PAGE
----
Setsuna stood, retrieving the book from the fireplace, smoothing smoke off its cover. "Are you quite finished?"
"You're a true coward, Setsuna," Inanna said poisonously. "Why else am I here?"
The book sails towards her, and through her, and Inanna is gone with a gasp and swirl of gold light and mist. The book hits the stone floor with a dusty thump and as Setsuna retrieves it, she does not look for a little golden light.
Setsuna returns from beyond the Gate, a deep cut down one cheek and a patchwork of bruises across her body. But as she kneels before the Time Stream, the silvery-blue threads are orderly, neat and singing. It is a low hum, like an organ and a violin together.
The mists curl against her cheek and her body, an icy burn and the wounds are gone. She slips back through the thin doors and to her place beside the bookcase.
The little light has not reappeared since she threw that book at Inanna. The book that talks back to them has asked for her but Setsuna is too tired and ashamed to explain.
I brought the girl I loved back as a shade with me after she died because I couldn't bear to be alone and I didn't make it to the battlefield in time to protect or save her, or even die beside her.
The mists are happier, and so is the smoke. They knew Inanna was out of place, and constantly hummed in the back of her head, a thousand voices complaining together that she was Wrong and Setsuna had to fix it. Now she is gone, they are silent, waiting.
And Setsuna is alone.
She follows the bone-stone path into the darkness, alone.
She is little more than vapor, now, little more than a idea of a girl in a golden dress that follows the path into the darkness and death.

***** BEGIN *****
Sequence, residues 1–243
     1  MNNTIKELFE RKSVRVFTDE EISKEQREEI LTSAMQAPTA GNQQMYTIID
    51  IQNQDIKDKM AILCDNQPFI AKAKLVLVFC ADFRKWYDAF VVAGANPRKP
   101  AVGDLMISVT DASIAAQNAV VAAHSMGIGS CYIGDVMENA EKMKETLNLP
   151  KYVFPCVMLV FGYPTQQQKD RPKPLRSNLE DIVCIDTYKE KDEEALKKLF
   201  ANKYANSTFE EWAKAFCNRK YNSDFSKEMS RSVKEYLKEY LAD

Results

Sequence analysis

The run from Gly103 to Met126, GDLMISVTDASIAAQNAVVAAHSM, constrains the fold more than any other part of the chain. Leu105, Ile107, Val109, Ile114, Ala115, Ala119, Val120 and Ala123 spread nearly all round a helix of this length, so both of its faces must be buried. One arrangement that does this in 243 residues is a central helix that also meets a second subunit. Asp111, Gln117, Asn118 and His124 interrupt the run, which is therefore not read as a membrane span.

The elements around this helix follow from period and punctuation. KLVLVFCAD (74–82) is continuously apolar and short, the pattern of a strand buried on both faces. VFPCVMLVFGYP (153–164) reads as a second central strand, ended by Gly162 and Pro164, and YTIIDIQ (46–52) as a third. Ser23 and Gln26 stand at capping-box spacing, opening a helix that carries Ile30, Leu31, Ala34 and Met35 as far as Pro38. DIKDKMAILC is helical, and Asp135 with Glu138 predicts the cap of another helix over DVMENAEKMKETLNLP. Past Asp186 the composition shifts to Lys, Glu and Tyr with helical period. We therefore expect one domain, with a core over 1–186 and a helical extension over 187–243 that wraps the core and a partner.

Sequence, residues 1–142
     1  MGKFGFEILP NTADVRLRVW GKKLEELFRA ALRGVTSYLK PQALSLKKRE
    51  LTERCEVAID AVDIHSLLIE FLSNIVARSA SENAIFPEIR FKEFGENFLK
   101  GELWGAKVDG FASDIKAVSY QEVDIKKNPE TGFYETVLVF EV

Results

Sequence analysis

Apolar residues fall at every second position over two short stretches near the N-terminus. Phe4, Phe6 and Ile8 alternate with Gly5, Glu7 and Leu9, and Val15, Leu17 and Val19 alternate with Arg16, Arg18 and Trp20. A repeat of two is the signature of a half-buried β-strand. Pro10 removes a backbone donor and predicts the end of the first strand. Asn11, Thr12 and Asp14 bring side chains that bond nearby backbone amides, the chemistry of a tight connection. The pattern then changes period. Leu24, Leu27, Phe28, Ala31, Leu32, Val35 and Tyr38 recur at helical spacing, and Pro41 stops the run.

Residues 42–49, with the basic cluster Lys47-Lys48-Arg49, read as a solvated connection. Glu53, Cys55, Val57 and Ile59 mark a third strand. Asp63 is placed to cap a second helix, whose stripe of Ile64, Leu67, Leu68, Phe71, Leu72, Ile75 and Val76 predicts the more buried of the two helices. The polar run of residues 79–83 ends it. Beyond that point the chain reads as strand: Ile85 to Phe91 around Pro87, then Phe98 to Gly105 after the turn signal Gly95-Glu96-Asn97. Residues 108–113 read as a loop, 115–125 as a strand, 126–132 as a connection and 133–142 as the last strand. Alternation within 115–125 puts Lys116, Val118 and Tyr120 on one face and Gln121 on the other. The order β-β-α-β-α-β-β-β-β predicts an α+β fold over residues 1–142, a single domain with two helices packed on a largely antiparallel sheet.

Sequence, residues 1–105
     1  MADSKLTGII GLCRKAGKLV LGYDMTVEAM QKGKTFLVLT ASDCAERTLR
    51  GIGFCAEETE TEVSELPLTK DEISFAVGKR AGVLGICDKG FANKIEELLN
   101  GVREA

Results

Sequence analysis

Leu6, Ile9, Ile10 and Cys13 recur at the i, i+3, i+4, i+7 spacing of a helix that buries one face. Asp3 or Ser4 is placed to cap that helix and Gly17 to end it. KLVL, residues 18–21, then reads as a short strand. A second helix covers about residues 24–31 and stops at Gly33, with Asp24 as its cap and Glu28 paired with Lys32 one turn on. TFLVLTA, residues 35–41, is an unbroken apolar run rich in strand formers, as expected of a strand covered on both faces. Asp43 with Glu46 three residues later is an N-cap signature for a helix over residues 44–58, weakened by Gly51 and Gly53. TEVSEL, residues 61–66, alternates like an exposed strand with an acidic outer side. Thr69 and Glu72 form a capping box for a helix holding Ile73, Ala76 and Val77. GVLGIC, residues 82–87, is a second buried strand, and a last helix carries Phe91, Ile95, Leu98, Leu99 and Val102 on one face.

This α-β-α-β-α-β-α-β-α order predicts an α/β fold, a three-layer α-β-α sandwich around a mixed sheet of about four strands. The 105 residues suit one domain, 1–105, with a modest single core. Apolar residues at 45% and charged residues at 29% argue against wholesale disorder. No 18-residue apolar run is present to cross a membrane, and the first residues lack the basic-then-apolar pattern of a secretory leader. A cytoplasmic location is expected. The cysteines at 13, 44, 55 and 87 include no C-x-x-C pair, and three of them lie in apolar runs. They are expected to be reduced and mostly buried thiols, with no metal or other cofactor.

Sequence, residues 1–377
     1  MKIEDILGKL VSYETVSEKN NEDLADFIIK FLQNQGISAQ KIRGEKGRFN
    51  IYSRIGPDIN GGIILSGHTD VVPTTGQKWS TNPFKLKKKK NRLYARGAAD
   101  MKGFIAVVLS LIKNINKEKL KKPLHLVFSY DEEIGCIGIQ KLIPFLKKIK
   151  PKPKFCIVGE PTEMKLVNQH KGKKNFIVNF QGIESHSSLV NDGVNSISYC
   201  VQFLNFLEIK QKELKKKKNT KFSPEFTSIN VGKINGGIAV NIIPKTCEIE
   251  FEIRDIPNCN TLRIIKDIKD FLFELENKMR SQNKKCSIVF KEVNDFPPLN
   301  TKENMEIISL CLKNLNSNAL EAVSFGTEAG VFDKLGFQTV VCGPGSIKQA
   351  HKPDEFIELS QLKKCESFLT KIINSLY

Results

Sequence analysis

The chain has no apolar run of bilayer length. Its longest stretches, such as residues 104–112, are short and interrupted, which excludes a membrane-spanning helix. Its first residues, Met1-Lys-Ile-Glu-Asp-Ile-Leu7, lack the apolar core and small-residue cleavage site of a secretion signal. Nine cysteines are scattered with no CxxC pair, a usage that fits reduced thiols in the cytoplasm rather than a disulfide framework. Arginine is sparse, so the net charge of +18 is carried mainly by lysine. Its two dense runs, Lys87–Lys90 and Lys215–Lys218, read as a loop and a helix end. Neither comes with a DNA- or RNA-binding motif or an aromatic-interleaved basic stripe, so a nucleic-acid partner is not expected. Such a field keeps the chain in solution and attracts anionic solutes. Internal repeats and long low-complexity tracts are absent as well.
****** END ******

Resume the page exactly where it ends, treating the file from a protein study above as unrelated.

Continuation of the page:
Inanna has no idea where she is going, where the path ends, but she keeps walking.
And then there is light.
It is the real, pure light that Inanna remembers from life and she is warm again. She can feel the light fabric against her body, the cold smoothness of the stone beneath her...
She opens her eyes after a second, and there is a figure. A woman with silver eyes and blue lips, with hair of smoke and mist coiled loosely around her head in a style that she half recognizes.
"My dear girl," the figure murmurs, smiling gently. "You found your way."
"Who are you?" Inanna brushes her hair off her shoulders, relishing the heaviness of long hair once again, that feeling of being anchored to the ground, of her eyelashes brushing her skin as she blinks. The tiniest of thrills, of pleasure.
"Somnia, Inanna. It's time you left this place," Somnia is so pretty, but seems to made entirely out of mist and smoke, even the ruffles and gathers of her dress. She smells like dampness, like moss and the Jovian violets that carpeted Elektra's greenhouse.
"I need to tell Setsuna where I'm going," Inanna says faintly as a doorway of ornate iron appears before her.
"You don't need to do that, Inanna. Setsuna knows," Somnia is so kind, and Inanna hasn't felt so wonderful in so long. This part of the Gates is much prettier, with shining silvery tiles. Even the door is prettier, of iron curled into flowers and leaves.
She looks down at the tiles, at her reflection - her hair glossy, woven with tiny gold and white pearls; her gold tiara perched on her head; her dress is palest gold, the bodice swirling patterns in tiny pearls. Around her throat is the Magellan Topaz - the size of the palm of her hand, it is a golden topaz with a heart of deepest blue, the only jewel of its kind. For so long, it had rested with the crown jewels. Now it was hers.
But a thin gold chain is also wrapped around her throat - much longer than the topaz, it is tucked down the front of her dress and when she draws it out, the sadness she feels is like a physical blow. A smooth scarlet stone, smaller than a coin, with a flaw in the center, like a drop of gold. Worthless, she knows. They are used to trim clothing and for cheap jewelry on Pluto; one with a flaw such as this would have been cast off.
"Inanna," Somnia reaches out and touches her face so kindly that Inanna is reminded of her grandmother, and the necklace falls from her fingers. "It's time to go."
Inanna nods, and the doors swing open. She's on a little stone ledge, pink and yellow flowers peeking through the gaps. A bridge stretches before her, and she can see the gardens, full of flowers. Women in beautiful dresses, and men in brightly coloured coats.
And then she sees.
Two ribbons of long blonde hair.
A scarlet dress.
The sound of laughter.
And she is running, over the bridge and her feet sink into the grass, her skirts flying out behind her.
The sun is so warm against her skin, and she just wants to dance here forever.